To this end, the princes must recognize above all else that they owe the same love, loyalty, devotion, and obedience that they demand of their subjects to the totality and the fatherland, and that the same concord and unity that makes their particular dominion strong and robust can, on a higher level, make the whole entity, and thus their part of it, sustained and lasting. In the same way, the peoples must convince themselves that without a decisive, potent public spirit, the will of the princes for the common weal is powerless, and that if they sink into lassitude the entire entity must necessarily go to ruin. The peoples and the princes have successively braved the difficult test of these times, the former by first drinking from the intoxicating cup of French liberty, the latter by numbing themselves with the hemlock drink of Napoleon’s despotism, and both by seeking to build their liberty on anarchy. [ . . . ]
But in order that the public spirit – as it has now been happily ignited in Germany – may reverberate and hold and sustain the princes and support them in everything that is good, may find fault with the bad and work against it, it must be granted a constitutional voice in an estate-based constitution and an ability to exert influence on the machinery of state administration.
Where the state lives only within a few, the corruption of these few also leads the state easily to ruin, and the state rises and sinks with them; but where the totality devotes its attention to the state, the state lives an indestructible life, forever renewing itself. In the same common spirit with which the princes come together, the nations will therefore also unite around the princes, and thus, bound by such a two-fold power, the bond will become ever closer as the threat rises, and will stand ever firmer and more solidly united. [ . . . ]
A council with which the princes consult in person at certain times should exercise, under their chairmanship, legislative power, and should bring forward-moving, continually self-supplementing life into the constitution, so that the latter, established as lasting, does not become paralyzed, and lest we, imitating the French, wish to change it every year and become a laughing stock. [ . . . ]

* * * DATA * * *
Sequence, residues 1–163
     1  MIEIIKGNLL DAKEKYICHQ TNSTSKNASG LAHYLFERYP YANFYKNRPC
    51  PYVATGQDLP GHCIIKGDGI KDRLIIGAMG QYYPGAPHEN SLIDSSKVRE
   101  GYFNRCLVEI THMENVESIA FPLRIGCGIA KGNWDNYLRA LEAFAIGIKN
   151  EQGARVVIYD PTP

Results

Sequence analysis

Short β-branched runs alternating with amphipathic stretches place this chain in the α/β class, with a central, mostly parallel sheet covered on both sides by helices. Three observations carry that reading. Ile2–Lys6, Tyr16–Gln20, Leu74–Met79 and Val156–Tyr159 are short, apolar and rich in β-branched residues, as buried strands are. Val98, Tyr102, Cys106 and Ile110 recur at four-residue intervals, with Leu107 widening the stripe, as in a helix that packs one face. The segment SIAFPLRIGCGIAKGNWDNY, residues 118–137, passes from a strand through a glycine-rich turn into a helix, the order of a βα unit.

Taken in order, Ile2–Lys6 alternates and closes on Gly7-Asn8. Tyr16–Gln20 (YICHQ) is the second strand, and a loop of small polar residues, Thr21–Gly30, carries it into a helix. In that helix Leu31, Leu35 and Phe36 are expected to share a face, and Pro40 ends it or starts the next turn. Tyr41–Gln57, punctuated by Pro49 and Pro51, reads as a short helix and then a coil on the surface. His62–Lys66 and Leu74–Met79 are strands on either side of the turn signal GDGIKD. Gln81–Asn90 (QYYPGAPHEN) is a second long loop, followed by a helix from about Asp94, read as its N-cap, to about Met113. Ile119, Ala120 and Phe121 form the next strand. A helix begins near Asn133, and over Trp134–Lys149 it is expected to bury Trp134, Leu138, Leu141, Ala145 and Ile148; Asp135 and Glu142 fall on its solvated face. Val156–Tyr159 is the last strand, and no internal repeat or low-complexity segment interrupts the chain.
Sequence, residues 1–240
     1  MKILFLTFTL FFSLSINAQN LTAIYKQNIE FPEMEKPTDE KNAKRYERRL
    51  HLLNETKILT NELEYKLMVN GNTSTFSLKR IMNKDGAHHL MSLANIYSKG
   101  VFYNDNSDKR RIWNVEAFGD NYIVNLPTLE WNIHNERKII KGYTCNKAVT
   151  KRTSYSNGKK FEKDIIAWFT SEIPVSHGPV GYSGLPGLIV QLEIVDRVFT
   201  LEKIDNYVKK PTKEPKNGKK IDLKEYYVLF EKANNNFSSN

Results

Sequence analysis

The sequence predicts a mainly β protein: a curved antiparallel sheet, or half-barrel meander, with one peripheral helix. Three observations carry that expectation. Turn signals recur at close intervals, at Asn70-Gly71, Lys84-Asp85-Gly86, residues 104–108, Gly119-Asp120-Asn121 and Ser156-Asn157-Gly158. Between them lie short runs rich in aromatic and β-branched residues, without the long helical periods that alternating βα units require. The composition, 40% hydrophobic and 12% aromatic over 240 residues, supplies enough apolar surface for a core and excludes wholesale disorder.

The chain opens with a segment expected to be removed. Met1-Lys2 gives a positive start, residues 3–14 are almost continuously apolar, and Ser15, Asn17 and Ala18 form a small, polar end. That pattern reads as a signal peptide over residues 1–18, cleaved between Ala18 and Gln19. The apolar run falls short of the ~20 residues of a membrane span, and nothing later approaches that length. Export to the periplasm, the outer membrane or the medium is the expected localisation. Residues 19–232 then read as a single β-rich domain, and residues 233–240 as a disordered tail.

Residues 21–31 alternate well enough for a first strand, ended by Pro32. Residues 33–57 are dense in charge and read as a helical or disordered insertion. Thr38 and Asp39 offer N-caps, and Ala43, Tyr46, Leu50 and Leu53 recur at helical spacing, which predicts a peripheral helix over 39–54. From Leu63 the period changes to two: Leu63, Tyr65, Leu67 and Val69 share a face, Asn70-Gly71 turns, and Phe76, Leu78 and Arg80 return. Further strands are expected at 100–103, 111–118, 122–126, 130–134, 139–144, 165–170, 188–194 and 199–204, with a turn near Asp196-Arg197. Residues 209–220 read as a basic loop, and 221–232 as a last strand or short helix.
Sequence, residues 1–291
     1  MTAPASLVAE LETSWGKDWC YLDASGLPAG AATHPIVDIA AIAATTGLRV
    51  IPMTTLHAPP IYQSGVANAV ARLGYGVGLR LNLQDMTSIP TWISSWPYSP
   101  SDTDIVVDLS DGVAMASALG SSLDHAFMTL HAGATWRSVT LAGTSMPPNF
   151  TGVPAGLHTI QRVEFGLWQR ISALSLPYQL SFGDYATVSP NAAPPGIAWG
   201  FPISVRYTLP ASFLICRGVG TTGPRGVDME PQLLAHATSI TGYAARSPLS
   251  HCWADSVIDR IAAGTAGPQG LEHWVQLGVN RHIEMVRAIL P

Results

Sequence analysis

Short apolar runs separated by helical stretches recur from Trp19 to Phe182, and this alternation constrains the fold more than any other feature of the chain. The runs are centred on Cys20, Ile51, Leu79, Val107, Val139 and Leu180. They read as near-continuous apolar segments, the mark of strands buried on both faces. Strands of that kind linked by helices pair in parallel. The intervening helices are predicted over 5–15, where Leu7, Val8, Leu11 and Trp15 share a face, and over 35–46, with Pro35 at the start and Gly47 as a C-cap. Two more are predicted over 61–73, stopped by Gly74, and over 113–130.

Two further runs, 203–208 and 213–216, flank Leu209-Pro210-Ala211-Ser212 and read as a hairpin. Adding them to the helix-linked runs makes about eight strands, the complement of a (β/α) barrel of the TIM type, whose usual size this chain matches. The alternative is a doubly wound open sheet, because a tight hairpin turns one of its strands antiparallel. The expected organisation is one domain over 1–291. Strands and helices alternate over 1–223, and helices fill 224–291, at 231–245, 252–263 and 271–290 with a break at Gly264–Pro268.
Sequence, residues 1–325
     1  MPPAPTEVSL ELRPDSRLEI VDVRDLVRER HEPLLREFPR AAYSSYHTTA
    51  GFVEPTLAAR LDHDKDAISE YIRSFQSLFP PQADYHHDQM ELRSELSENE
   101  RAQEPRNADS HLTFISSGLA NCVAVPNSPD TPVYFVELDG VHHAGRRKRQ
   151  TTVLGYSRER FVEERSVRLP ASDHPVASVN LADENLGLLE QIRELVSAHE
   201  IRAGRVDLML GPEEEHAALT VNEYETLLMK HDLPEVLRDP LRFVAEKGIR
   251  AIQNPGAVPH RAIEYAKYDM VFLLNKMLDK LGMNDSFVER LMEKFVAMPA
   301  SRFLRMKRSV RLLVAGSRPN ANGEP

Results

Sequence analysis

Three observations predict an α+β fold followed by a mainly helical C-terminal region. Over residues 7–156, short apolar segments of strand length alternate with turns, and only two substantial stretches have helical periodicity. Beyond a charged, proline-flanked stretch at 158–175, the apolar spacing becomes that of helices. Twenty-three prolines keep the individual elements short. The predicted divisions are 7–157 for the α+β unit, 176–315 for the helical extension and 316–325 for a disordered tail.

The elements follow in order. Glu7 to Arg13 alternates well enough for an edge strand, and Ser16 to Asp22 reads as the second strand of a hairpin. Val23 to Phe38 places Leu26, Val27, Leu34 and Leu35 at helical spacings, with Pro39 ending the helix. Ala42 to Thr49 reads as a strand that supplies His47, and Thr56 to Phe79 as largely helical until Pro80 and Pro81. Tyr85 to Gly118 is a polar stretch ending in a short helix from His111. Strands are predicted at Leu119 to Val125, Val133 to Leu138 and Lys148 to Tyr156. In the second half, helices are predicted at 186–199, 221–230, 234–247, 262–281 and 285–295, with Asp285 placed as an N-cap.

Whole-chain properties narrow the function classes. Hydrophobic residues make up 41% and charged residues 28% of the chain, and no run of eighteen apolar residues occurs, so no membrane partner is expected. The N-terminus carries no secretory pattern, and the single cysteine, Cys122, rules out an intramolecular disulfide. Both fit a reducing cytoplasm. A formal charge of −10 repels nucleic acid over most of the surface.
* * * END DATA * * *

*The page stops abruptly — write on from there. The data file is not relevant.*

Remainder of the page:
The three pillars on which all estate-based constitutions are founded, Lehrstand, Wehrstand, and Nährstand [the teaching estate, the military estate, and the food-producing estate] remain the same, however, as those represented – however imperfectly – in the imperial estates of the old constitution, by the spiritual princes, the secular princes including the imperial knights, and the imperial cities. The new constitution will also be erected on this three-pronged foundation, which is as old as history, and which already appeared in this divided form in its most ancient beginnings and deepest roots. The heads of the three estates will surround the prince as participants in his responsibility, giving him support and advice, spurring him on when his power of rule wanes, blocking him where this power exerts itself all too harshly: mediators between the people and the government.
Source of original German text: Joseph Görres, “Die künftige teutsche Verfassung” [“The Future German Constitution”], Rheinischer Merkur, August 18, 1814 und August 20, 1814.
Reprinted in Peter Longerich, ed., Was ist des Deutschen Vaterland, Dokumente zur Frage der deutschen Einheit 1800 bis 1990 [What is the German Fatherland. Documents on the Question of German Unity 1800 to 1900]. Munich and Zurich: Piper Verlag, 1990, pp. 51-53.
Translation: Thomas Dunlap